Dudler, Gmur, Malamud: Momentum and Risk Adjustment
The goal of this article is therefore to study this inefficiency within the time series momentum (TSMOM) strategies introduced in an important article by Moscowitz, Ooi, and Pedersen [2012]. To this end, we introduce a new class of momentum strategies, risk-adjusted time series momentum (RAMOM) strategies, which are based on averages of past futures returns, normalized by their volatility. We test these strategies on a universe of 64 liquid futures contracts and demonstrate that RAMOM strategies outperform the TSMOM strategies of Moscowitz, Ooi, and Pedersen [2012] for short-, medium-, and long-term momentum strategies. Additionally, RAMOM trading signals have another useful and important feature: They are naturally less dependent on high volatility. In other words, standard TSMOM strategies tend to positively correlate (see, e.g., Hurst et al. [2013]) with a long-straddle position (long-call, long-put) and, as a result, perform better in volatile market environments. As we show, this is much less the case for the RAMOM returns because, by risk-adjusting the trading signals according to volatility, we render RAMOM returns more sensitive to new information precisely at the time when volatility is low. As a result, outperformance of RAMOM relative to TSMOM tends to be negatively related to volatility.

Baltas: Trend-Following, Risk-Parity and the Influence of Correlations
Trend-following strategies take long positions in assets with positive past returns and short positions in assets with negative past returns. They are typically constructed using futures contracts across all asset classes, with weights that are inversely proportional to volatility, and have historically exhibited great diversification features especially during dramatic market downturns. However, following an impressive performance in 2008, the trend-following strategy has failed to generate strong returns in the post-crisis period, 2009-2013. This period has been characterised by a large degree of co-movement even across asset classes, with the investable universe being roughly split into the so-called Risk-On and Risk-Off subclasses. We examine whether the inverse-volatility weighting scheme, which effectively ignores pairwise correlations, can turn out to be suboptimal in an environment of increasing correlations. By extending the conventionally long-only risk-parity (equal risk contribution) allocation, we construct a long-short trend-following strategy that makes use of risk-parity principles. Not only do we significantly enhance the performance of the strategy, but we also show that this enhancement is mainly driven by the performance of the more sophisticated weighting scheme in extreme average correlation regimes.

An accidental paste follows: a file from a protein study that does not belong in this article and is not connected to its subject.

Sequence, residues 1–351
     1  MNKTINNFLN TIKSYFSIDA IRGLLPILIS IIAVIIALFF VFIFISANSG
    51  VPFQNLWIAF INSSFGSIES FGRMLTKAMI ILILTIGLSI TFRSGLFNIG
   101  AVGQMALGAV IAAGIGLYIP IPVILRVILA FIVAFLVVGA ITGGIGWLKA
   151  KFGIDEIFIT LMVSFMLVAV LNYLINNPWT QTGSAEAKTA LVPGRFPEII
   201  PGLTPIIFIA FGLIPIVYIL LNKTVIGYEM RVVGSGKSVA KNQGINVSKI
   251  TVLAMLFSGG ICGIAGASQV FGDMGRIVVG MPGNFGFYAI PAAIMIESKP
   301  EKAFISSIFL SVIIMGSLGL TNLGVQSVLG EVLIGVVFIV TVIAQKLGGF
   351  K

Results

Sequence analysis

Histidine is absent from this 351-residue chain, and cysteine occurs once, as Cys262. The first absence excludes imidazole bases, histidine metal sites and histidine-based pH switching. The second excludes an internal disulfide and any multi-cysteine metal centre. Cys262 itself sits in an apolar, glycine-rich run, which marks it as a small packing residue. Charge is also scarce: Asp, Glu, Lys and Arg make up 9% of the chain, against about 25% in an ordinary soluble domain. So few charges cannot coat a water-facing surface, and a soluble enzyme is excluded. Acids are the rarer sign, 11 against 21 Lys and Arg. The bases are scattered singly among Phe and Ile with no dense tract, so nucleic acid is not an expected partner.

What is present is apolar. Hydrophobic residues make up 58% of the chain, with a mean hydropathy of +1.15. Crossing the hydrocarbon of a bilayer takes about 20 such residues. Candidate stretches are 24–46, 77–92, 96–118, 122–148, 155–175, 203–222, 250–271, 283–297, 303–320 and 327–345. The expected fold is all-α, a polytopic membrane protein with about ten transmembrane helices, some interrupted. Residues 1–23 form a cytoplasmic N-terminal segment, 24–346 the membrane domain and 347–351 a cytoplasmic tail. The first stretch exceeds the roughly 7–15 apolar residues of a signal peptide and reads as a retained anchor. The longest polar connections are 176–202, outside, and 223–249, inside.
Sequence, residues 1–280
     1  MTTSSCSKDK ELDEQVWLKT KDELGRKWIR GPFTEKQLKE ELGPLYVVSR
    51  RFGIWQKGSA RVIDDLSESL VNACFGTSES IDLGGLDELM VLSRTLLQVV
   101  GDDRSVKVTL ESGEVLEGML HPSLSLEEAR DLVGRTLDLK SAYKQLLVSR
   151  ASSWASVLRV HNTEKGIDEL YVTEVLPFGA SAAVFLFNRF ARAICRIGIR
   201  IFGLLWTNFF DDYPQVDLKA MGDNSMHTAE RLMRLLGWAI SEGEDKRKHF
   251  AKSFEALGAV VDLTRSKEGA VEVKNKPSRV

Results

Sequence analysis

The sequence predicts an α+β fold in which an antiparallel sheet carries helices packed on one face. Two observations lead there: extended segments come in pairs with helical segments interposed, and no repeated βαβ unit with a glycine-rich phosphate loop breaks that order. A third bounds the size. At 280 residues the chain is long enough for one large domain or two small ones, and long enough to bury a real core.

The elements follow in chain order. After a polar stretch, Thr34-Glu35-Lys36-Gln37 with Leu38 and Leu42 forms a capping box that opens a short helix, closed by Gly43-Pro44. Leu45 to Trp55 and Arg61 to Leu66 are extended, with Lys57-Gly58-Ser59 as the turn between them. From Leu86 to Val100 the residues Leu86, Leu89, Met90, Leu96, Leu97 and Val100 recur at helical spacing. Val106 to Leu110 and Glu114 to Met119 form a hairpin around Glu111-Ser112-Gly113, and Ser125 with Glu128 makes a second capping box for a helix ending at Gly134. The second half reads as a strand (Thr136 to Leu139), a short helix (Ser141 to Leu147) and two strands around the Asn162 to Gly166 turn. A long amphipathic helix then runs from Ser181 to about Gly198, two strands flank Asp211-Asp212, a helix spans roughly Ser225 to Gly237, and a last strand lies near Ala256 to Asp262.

Kim, Tse, Wald: Time Series Momentum and Volatility Scaling
Moskowitz, Ooi, and Pedersen (2012) show that time series momentum delivers a large and significant alpha for a diversified portfolio of various international futures contracts over the 1985 to 2009 period. Although we confirm these results with similar data, we find that their results are driven by the volatility-scaled returns (or the so-called risk parity approach to asset allocation) rather than by time series momentum. The alpha of time series momentum monthly returns drops from 1.27% with volatility-scaled weights to 0.41% without volatility scaling, which is significantly lower than the cross-sectional momentum alpha of 0.95%. Using volatility-scaled positions, the cumulative return of a time series momentum strategy is higher that that of the buy-and-hold strategy; however, timeseriesmomentuman buy-and-hold offer similar cumulative returns if they are not scaled by volatility. The superior performance of the time series momentum strategy also vanishes in the more recent post-crisis period of 2009 to 2013.

Blocher, Cooper, Molyboga: Benchmarking Commodity Investments
While much is known about the financialization of commodities, less is known about how to profitably invest in commodities. Existing studies of Commodity Trading Advisors (CTAs) do not adequately address this question because only 19% of CTAs invest solely in commodities, despite their name. We compare a novel four-factor asset pricing model to existing benchmarks used to evaluate CTAs. Only our four-factor model prices both commodity spot and term risk premia. Overall, our four-factor model prices commodity risk premia better than the Fama-French three-factor model prices equity risk premia, and thus is an appropriate benchmark to evaluate commodity investment vehicles.